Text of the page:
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Businesses need to tighten up their processes and procedures to prevent crime losses as the pandemic brings new ways of working, experts say.
Business processes are changing such that the control environment is inherently strained, said Christopher Arehart, Chicago-based senior vice president, crime insurance product manager, financial lines at Chubb North America.
For example, an employee who previously sat outside the CFO’s office and did the books is no longer there. “They are doing it from the comfort of their home but have all the same access that they did before,” he said.
Educating employees to spot fake emails and regularly testing and monitoring are basic steps that companies can take to mitigate social engineering fraud, said Reid Eanes, Los Angeles-based senior vice president and financial services practice leader at Lockton Cos. LLC.
Training employees to incorporate basic controls into their daily workflow, such as verifying written instructions via a phone call, is critical, he said.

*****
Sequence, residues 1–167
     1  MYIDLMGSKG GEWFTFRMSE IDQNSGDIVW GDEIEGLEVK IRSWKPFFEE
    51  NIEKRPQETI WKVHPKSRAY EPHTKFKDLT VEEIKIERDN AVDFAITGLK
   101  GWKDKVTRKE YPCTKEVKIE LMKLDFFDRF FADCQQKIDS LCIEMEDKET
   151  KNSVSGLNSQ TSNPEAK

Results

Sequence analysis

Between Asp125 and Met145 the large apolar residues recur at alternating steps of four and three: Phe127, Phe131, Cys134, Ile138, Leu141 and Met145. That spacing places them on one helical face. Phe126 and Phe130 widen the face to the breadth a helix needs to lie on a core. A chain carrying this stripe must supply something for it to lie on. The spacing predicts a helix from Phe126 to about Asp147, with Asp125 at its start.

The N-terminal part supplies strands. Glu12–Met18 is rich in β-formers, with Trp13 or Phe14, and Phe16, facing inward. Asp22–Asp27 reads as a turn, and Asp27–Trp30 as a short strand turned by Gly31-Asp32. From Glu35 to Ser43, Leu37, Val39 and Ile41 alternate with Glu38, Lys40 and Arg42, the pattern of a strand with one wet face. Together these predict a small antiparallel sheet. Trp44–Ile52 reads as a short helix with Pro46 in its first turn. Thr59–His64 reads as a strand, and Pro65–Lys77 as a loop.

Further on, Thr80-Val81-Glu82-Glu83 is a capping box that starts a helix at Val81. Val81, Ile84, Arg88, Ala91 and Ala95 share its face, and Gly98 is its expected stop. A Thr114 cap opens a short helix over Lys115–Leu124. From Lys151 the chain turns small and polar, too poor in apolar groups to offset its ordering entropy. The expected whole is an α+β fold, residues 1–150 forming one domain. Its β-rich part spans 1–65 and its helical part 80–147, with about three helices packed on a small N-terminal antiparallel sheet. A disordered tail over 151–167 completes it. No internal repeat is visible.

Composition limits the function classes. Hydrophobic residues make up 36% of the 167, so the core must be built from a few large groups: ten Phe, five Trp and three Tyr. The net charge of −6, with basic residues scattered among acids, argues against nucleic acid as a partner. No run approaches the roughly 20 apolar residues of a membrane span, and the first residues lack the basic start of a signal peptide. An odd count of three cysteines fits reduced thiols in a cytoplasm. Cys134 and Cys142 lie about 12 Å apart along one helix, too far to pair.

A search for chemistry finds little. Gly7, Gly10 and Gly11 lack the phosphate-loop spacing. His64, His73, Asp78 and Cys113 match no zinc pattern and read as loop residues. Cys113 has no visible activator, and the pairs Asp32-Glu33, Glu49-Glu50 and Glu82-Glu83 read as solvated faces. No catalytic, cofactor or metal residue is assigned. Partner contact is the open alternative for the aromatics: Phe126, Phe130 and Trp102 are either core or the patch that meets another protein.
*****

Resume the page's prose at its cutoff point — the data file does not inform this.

“That human-to-human connection can mitigate a ton of risk around change in banking instructions, change in payroll instructions, requests for emergency wire transactions to be sent,” Mr. Eanes said.
Email communication is not enough, Mr. Arehart said.
“You have to start with the supposition that the party sending an email has had their email compromised, and it happens every day because vendors, suppliers have not turned on multi-factor authentication,” he said.
In the work-from-home environment, new technology can be leveraged, such as verifying information in person via a video conference call, Mr. Arehart said.
Embezzlement, fraud and theft crimes are a persistent threat to businesses, and the shift to remote working during the COVID-19 pandemic has heightened these risks, experts say.